Any person who shall affix, apply, or annex, or use in connection with any goods or services, or any container or containers for goods, . . . any false description or representation, including words or other symbols tending falsely to describe or represent the same, and shall cause such goods or services to enter into commerce, and any person who shall with knowledge of the falsity of such designation of origin or description or representation cause or procure the same to be transported or used in commerce . . . shall be liable to a civil action . . . by any person who believes that he is or is likely to be damaged by the use of any such false description or representation.
15 U.S.C. § 1125(a) (1982). While the case was pending before the district court, however, Congress redrafted section 43(a), sharpening the section's focus on false and deceptive advertising:
Any person who, on or in connection with any goods or services, or any container for goods, uses in commerce any word, term, name, symbol, or device, or any combination thereof, or any false designation of origin, false or misleading description of fact, or false or misleading representation of fact, which —
In its challenge to Ralston's CHD-related ads, ALPO did not call Ralston's claims literally false; rather, it asserted that the test data supporting the claims "were not sufficiently reliable to permit a reasonable conclusion that the research established the claim[s] made." ALPO, 720 F.Supp. at 213 (citing Procter Gamble Co. v. Chesebrough-Pond's Inc., 747 F.2d 114, 119 (2d Cir. 1984)).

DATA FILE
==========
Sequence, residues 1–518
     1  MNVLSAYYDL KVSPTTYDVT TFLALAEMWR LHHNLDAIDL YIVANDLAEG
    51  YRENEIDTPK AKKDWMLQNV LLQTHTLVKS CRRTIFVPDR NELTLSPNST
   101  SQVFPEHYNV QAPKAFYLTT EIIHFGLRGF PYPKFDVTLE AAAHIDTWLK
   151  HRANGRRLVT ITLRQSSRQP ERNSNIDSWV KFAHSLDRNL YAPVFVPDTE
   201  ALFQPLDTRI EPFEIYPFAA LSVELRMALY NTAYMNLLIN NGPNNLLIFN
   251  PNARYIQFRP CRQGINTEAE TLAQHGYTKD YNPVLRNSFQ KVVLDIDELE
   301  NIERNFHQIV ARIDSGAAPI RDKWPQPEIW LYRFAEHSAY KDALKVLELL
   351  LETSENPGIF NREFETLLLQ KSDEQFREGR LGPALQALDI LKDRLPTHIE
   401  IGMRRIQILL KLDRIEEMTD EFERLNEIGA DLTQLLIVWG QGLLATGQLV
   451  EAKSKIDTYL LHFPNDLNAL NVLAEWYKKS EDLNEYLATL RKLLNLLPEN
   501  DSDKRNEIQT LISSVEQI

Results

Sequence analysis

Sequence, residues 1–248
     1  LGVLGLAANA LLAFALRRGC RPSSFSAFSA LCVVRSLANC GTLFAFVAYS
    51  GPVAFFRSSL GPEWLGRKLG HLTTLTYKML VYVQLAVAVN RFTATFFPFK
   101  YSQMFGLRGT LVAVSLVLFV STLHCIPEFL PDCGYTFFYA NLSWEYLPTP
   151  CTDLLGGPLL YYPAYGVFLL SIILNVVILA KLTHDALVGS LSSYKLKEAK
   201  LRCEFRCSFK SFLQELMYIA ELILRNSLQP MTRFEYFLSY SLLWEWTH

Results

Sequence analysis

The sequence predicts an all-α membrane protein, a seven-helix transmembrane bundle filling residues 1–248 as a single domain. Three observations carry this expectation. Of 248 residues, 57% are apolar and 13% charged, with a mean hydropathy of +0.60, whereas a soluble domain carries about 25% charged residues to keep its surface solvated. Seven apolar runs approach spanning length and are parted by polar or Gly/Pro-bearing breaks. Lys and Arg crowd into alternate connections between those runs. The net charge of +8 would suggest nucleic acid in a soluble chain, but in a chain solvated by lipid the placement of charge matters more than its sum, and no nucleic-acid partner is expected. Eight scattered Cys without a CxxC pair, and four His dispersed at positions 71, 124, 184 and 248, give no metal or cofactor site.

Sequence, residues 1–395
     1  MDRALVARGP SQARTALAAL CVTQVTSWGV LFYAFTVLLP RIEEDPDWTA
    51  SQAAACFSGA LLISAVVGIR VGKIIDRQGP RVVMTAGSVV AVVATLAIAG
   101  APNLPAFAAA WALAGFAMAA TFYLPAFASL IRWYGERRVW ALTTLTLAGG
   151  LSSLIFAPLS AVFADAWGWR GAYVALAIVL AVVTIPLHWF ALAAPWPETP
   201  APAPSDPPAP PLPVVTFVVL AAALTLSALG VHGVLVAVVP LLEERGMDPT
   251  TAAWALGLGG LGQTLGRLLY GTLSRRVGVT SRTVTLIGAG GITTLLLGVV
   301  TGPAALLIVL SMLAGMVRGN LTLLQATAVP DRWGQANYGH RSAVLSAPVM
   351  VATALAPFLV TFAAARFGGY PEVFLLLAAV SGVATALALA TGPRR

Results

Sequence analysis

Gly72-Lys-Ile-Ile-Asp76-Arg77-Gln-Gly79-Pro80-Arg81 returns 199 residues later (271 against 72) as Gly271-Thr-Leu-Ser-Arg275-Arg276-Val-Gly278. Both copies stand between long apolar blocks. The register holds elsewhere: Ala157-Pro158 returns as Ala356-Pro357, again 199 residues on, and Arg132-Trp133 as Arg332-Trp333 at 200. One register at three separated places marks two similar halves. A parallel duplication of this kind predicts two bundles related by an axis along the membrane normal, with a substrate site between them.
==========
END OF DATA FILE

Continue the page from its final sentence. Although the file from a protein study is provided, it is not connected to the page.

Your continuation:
In reviewing the district court's findings on the elements of ALPO's section 43(a) claim, we have no authority to weigh the evidence anew. See Fed.R.Civ.P. 52(a) ("Findings of fact, whether based on oral or documentary evidence, shall not be set aside unless clearly erroneous. . . ."). In Anderson v. City of Bessemer City, 470 U.S. 564, 573-76, 105 S.Ct. 1504, 1511-13, 84 L.Ed.2d 518 (1985), the Supreme Court described in expansive terms the deference that the "clearly erroneous" standard affords trial courts. Going beyond the familiar "`definite and firm conviction that a mistake has been committed'" standard, id. at 573, 105 S.Ct. at 1511 (quoting United States v. United States Gypsum Co., 333 U.S. 364, 395, 68 S.Ct. 525, 542, 92 L.Ed. 746 (1948)), the Court said this:
Documents or objective evidence may contradict the witness' story; or the story itself may be so internally inconsistent or implausible on its face that a reasonable factfinder would not credit it. . . . But when a trial judge's finding is based on his decision to credit the testimony of one of two or more witnesses, each of whom has told a coherent and facially plausible story that is not contradicted by extrinsic evidence, that finding, if not internally inconsistent, can virtually never be clear error.